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Overdue book fees no more at T-SPL

In 1955, the poetry book Days and Deeds was checked out by a woman at the Kewanee Public Library in Illinois. In 2002, 47 years later, the woman’s daughter found the overdue book in her mother’s house and returned it to the Library. At a rate of 2 cents a day, the total fine for one overdue book was $345.14! That, according to Guinness World Records, is the largest library fine ever recorded. And it was paid in full! If someone were to return a book to the Tiffin-Seneca Public Library today 47 years overdue, do you know how much it would cost? Zero dollars. That is because earlier this month, the Tiffin-Seneca Public Library officially went overdue fine free! Lending our patrons materials is the primary way we go about achieving our overall mission, which is to meet the informational, educational, cultural, and recreational needs of all who live, work, or go to school in Seneca County. More and more libraries across the country are finding that fines create a barrier to access that often prevents the people (such as children and elderly patrons) who need Library services the most from utilizing the Library. Eliminating fines removes that barrier and allows us to better serve the entire community. Typically, fines are collected to encourage people to return items so the Library shelves aren’t bare and the materials can be put back in to circulation. While that is still true, the fact that we have the ability to lend and borrow with other libraries allows us more access to materials than ever before.

The Tiffin-Seneca Public Library is part of a consortium with almost 100 other Ohio libraries called Serving Every Ohioan, or SEO for short. All SEO libraries share materials with one another. When you place a hold on an item and we do not have it, we can almost certainly get it from another SEO library delivered right to our building. Any material you receive from an SEO member library will also be fine free. Occasionally, no SEO libraries have the item you may be looking for. In that case, we have other methods of finding what you are looking for. This is called an interlibrary loan. Fine accrued on interlibrary loans are still subject to fines up to $1 per day and are the only exception to the fine free rule.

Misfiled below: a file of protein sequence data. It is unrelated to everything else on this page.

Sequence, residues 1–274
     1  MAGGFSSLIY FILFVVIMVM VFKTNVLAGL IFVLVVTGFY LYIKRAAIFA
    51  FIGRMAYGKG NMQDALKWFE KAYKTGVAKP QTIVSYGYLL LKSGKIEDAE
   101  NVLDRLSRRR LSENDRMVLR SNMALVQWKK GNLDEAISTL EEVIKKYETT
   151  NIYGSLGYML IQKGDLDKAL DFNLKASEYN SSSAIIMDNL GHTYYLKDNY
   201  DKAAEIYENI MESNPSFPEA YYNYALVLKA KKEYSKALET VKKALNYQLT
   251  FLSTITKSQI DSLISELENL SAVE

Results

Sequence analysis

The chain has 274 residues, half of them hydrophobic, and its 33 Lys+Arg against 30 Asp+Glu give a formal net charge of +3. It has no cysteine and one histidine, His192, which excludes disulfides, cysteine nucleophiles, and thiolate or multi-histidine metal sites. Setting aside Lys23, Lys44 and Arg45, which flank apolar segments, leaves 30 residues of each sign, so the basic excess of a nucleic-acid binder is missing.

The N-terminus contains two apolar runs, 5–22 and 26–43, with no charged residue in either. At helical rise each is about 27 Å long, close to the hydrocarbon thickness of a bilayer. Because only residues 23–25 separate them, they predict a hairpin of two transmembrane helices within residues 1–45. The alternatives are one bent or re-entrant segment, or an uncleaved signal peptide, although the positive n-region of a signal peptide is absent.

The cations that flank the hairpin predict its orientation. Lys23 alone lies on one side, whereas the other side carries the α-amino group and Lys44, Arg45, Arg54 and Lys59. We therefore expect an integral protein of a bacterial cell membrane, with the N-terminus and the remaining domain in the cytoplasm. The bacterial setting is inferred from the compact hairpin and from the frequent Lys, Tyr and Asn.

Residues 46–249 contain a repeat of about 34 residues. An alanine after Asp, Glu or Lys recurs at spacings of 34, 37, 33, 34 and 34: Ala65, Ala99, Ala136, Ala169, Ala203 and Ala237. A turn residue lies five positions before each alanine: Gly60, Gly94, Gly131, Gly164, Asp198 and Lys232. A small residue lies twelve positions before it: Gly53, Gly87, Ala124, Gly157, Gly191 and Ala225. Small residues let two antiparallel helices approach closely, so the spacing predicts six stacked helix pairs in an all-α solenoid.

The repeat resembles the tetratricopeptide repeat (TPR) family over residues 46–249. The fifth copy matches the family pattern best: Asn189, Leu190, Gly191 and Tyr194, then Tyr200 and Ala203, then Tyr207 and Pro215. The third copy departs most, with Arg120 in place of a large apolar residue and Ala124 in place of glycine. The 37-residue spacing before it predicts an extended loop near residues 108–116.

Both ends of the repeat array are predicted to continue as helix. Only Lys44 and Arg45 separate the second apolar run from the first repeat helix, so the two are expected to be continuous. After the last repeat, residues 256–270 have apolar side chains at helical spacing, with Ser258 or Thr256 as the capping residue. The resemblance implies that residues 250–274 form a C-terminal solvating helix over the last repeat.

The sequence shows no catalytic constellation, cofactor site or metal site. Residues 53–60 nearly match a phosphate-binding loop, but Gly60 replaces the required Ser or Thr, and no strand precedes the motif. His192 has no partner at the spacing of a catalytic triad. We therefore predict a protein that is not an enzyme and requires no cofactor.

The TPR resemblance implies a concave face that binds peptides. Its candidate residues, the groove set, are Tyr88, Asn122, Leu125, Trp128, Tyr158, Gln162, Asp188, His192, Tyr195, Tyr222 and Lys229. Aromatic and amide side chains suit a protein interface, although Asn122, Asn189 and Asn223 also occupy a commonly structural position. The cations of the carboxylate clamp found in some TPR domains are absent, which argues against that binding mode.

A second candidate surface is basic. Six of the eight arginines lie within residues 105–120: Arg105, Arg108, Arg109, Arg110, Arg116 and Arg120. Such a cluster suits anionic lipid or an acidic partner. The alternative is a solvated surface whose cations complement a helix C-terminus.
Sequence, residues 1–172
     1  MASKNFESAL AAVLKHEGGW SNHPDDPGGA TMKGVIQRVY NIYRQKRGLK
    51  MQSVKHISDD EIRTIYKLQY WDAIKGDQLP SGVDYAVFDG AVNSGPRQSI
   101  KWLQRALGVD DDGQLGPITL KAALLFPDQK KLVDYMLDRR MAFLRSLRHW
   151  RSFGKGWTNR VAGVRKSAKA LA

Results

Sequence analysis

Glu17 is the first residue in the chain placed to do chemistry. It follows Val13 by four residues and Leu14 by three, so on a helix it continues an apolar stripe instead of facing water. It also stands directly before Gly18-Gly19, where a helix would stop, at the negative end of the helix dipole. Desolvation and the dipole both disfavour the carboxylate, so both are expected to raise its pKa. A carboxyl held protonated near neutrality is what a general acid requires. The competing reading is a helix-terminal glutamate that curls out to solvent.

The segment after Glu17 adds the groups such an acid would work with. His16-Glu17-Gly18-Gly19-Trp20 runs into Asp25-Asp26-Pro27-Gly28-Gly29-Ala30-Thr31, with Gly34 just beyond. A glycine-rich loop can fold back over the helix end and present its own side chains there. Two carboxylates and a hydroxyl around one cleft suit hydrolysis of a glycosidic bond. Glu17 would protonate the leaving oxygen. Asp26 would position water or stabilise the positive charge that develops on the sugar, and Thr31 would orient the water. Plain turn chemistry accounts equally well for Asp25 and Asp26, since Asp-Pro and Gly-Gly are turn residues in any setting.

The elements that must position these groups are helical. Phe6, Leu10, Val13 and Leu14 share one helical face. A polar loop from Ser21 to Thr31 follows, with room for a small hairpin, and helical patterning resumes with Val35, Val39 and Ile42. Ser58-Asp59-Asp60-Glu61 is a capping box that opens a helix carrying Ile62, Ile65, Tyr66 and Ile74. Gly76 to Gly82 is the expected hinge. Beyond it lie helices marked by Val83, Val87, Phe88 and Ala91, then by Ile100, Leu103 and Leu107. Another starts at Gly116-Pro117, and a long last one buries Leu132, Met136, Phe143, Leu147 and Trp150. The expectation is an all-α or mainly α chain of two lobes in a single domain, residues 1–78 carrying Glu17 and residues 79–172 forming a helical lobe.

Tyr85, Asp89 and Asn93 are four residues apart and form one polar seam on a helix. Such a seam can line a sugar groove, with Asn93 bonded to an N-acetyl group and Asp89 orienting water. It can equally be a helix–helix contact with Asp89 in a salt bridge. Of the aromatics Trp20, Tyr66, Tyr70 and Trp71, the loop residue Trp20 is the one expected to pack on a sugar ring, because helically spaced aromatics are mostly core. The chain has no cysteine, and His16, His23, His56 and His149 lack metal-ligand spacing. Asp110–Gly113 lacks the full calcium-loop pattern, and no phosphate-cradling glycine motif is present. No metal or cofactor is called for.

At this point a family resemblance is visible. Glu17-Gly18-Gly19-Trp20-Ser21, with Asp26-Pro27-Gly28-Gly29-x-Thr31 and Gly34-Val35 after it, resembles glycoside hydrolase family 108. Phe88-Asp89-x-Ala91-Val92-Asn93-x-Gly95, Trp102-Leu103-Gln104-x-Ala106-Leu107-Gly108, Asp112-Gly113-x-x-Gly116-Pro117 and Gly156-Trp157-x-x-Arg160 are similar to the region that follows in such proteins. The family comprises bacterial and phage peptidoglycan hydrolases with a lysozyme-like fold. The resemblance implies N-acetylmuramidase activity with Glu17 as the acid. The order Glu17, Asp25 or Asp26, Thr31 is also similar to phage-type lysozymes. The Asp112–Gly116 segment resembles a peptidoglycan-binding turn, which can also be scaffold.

Of course, just because we are removing fines does not mean that we are removing accountability. We will still charge for lost or damaged items. After an item is 30 days overdue, patrons are billed for the replacement cost. Patrons with a balance of $10 or more will have a block on their card and cannot check out any more materials until the item or items are returned or paid for. Because our biggest priority is getting materials back on the shelves for other patrons to check out, if a patron returns the overdue item, the charge will go away. And don’t worry! We don’t need revenue from fines to keep the lights on. Overdue fines accounted for approximately 0.04% of our annual revenue.

We are always looking for ways to better serve the community and are grateful for the opportunity to welcome people back to the Library.

For the most up to date information about library happenings, please visit our Facebook page or www.tiffinsenecalibrary.org.

Kayleigh Tschanen is the Community Relations Manager at Tiffin-Seneca Public Library

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